While the perennial worry of a self-conscious anime and manga fan is how we are judged by our peers looking down on us from the larger mounds of their more mainstream tastes, sometimes you also have to ask whether we are at such a disadvantage - we can scamper freely in the base while they are stuck on the small squares atop their precarious pedestals, forever fretting about their narrow balance, and it'll be a long way down if they slip off the edge. Self-obsessed art luvvies are easy to mock - Private Eye even has a whole column dedicated to them humiliating themselves with their own navel-gazing - and the most vacuous, irrelevant and fraudulent impersonation of sophistication in the art world that there must be is post-modernism. It's even in the name - post, as in what detritus is left after something else has already been done. Post-modernism and its chum "deconstruction" (oh, how the internet loves that word) are terms that gets bandied around a lot by people wanting to seem mature, but they're swinging at low-hanging fruit - or rather the windfall that's already a bit mouldy. It doesn't actually create anything, it's just picking apart what someone else has already done - it's repetition, masquerading as erudition.
Despite all that, for all of the criticisms it still remains that at the end of the day it has persisted because it is effective. Parodies are one of the most common forms of humour on television and the internet, and they're one of the most effective too - the common assumptions we work through unthinkingly as part of our rote routines can have their absurdities recognised when we hold them up to a mirror. Certainly otaku have a lot of tics and quirks to see, and so anime studio Seven has plenty of material to fill out its established line of blink-an'-you'll-miss-'em self-referential gag-reel otaku "webtoons", several of which you can also watch on Crunchyroll, the latest of which is the currently streaming I Can't Understand What My Husband is Saying. Given that it's coming after three other titles - Strange+, Inugami-san to Nekoyama-san, and Ai-Mai-Mi Musou Catastrophe - will it be a profound meditation on the deeper thoughts of us and our ilk, or is the well dry and the jokes dusty?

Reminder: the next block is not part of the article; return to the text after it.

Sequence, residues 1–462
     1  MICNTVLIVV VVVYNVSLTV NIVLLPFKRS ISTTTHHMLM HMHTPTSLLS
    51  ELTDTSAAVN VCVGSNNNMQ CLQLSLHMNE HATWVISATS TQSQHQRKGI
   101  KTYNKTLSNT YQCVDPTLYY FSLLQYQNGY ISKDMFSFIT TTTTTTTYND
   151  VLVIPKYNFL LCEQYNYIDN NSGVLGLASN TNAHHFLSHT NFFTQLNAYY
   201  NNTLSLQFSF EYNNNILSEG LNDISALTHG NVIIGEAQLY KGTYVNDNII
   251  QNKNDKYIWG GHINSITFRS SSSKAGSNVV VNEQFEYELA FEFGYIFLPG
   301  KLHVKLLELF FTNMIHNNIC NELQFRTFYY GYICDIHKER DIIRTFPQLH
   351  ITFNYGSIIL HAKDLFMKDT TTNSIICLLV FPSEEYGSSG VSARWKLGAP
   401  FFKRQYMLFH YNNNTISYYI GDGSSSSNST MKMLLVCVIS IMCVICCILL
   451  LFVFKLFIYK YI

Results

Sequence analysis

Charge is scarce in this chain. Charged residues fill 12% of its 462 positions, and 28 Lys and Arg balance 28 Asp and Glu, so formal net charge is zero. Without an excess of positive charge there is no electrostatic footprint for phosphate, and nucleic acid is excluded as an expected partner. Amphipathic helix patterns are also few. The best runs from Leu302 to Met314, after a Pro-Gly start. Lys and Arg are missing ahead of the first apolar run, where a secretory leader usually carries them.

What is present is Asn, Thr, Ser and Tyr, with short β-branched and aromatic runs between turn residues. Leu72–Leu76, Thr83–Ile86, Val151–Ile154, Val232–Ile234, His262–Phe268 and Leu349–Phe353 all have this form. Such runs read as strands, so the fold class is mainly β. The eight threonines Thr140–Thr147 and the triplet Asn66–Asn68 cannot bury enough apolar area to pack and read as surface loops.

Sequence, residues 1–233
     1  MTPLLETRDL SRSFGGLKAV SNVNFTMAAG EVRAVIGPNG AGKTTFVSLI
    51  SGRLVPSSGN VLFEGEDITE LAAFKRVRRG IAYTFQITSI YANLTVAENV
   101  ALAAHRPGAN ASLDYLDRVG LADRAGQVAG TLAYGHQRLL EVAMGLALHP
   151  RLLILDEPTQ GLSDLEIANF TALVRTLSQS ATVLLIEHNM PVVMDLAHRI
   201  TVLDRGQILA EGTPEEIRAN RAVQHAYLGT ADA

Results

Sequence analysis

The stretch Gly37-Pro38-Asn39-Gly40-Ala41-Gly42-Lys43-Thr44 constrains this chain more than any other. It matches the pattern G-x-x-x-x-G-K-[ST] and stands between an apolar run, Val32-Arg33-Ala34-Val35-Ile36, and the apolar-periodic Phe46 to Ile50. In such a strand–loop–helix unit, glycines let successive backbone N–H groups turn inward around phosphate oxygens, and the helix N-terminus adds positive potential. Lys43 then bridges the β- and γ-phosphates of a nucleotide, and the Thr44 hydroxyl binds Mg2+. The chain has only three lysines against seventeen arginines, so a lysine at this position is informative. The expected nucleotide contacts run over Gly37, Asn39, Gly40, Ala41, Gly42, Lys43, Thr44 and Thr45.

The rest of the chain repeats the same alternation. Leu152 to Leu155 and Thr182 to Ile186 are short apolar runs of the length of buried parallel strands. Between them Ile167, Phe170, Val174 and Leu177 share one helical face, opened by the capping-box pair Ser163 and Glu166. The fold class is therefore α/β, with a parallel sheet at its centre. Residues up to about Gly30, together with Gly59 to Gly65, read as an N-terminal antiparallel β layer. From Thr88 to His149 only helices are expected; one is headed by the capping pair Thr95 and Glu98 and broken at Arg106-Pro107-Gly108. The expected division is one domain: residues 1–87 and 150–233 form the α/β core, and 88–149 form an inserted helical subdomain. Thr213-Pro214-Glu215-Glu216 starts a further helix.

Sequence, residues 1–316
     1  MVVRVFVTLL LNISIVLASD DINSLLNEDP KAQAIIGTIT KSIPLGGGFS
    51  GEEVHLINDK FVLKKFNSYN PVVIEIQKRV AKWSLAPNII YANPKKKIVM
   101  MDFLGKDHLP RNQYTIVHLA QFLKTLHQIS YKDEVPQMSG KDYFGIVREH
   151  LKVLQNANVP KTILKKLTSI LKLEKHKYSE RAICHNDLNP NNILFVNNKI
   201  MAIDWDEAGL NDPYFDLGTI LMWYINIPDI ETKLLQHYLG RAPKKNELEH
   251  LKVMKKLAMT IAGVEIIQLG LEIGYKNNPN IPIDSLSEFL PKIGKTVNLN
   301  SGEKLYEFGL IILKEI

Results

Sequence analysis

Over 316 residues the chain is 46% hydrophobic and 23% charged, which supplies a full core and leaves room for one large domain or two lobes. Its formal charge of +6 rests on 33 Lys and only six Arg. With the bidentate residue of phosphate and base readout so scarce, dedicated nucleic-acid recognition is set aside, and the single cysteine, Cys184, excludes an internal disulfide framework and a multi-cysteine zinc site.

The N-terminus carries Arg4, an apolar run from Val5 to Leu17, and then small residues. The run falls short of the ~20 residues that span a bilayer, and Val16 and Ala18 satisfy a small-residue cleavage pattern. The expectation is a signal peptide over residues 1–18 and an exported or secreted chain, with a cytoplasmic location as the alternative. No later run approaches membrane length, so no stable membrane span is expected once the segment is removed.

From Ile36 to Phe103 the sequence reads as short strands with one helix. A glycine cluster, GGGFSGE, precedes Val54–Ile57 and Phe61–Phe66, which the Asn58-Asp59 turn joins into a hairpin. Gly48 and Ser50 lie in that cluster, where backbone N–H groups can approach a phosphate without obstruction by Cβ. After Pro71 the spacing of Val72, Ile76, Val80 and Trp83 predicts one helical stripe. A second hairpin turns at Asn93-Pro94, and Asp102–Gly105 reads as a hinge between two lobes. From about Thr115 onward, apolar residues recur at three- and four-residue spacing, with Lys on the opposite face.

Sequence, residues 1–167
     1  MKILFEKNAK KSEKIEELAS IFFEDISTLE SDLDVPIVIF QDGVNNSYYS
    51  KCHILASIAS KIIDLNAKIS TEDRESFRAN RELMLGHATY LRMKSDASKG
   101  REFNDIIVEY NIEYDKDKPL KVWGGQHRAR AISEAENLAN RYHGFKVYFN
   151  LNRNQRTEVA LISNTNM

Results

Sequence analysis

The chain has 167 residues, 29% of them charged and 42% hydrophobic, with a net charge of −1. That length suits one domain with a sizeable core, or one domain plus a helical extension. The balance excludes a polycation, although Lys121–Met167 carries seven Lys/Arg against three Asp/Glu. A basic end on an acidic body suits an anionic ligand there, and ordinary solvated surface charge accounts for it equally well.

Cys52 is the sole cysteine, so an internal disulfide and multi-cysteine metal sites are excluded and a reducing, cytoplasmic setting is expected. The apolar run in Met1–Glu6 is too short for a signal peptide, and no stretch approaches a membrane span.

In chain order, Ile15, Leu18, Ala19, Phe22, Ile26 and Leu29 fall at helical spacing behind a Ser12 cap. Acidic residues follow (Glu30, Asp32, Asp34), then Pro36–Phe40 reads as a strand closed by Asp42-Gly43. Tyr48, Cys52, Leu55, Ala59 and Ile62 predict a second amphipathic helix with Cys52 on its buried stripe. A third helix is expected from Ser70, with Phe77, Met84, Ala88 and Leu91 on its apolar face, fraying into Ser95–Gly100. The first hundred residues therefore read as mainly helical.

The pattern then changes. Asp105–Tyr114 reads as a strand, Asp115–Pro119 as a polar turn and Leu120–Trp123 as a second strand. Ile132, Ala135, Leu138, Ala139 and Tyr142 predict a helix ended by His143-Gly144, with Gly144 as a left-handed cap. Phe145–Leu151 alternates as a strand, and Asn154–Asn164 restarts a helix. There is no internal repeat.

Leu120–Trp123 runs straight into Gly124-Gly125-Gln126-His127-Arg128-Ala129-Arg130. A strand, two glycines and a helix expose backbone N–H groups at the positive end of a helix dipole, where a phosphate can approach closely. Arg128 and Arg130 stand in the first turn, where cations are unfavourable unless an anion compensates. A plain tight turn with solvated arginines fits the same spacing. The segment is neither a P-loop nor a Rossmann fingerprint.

Kaoru and Hajime are a young, newly-wedded couple - they don't really exist in a heady state of marital bliss though and seem to have married each other just because they can shrug in time to one another. Hajime says he won't be able to make Kaoru happy but Kaoru doesn't really have any ambitions in life so she's not all that mithered, really. Their honeymoon was a bit boring, but it was nice enough so that's okay. Kaoru is your average work-a-day office lady, but her husband Hajime is an out-and-out geek completely obsessed with anime and manga. Can a Normal and an Otaku find domestic bliss with such different frames of reference? Will they be as ill-fitting as chalk and cheese, or do opposites truly attract?
A lot of the jokes in I Can't Understand What My Husband Is Saying are easy targets - Kaoru gets her husband to do things for her by acting moe, Hajime can't invite friends over because they're all on the Internet - but others are quite well-observed. As a reviewer, a gag where Hajime can't enjoy a movie because he's dissecting it for his blog (Kaoru apologises for just thinking that it was pretty fun) certainly hit quite close to home! In another episode Hajime's younger brother (a cross-dresser and shonen-ai doujinshi sensation) comes round to the couple's apartment for a visit - and immediately vanishes into the computer room and doesn't come out for the whole day. He acts crazy until Hajime whispers that Kaoru's a Normal, and after testing it out by quizzing her on otaku terms (Kaoru thinks that "seme" and "uke" are talking about martial arts) abruptly clams up and starts being a lot more controlled. Hajime proclaiming that an anime character is his waifu, producing not-unreasonable outrage from Kaoru who points out he's already got a wife really had me snickering. For all their foibles though, Hajime and Kaoru have a quiet fondness and ease around each other that's quite heartwarming.
These sort of quick-fire, hip-shooting gags can be knocked out in a studio's sleep - but the thing is, they work. Each episode is just three minutes long (plus thirty seconds of credits where Kaoru and Hajime sing a little ditty of a duet in the bath which is actually kind of sweet and gives a nice feeling to finish up on) so they never overstay their welcome. Like the best gag comedies it's fast-paced so that if one joke falls flat it quickly skips on to the next one rather than dragging things out, or if one joke is successful it doesn't push it too far and sour it. The episode titles can be little gags in themselves, whether it be Hajime's brother being introduced with the daft and overblown "Surpass Gender & Blood! Comeforth, Otokonoko!" or the lack of friends being shown in a pun on Oreimo's full title, as "My Little Sister Can't Be This Popular" becomes "My Otaku Brother Can't Have So Few Friends" - simple but effective, and made a little glint of genius with the (Etc.) that's added on the end, a knowing reference to the almost memetic influence of the oft-repeated and parodied title. The one thing that really limits the show's appeal though is that there's quite a lot of sex humour, particular with Hajime's brother who brings out more use of the pixel filter this side of Fakku, which is a shame because he really didn't need to start stripping to get his point across and it needlessly limits the audience. If you can look past that though, then as coffee-break anime that you can enjoy on your smartphone, I Can't Understand What My Husband Is Saying actually hits the spot as a quick burst of comedy for the otaku on the go.
You can currently watch I Can't Understand What My Husband Is Saying in streaming form on Crunchyroll.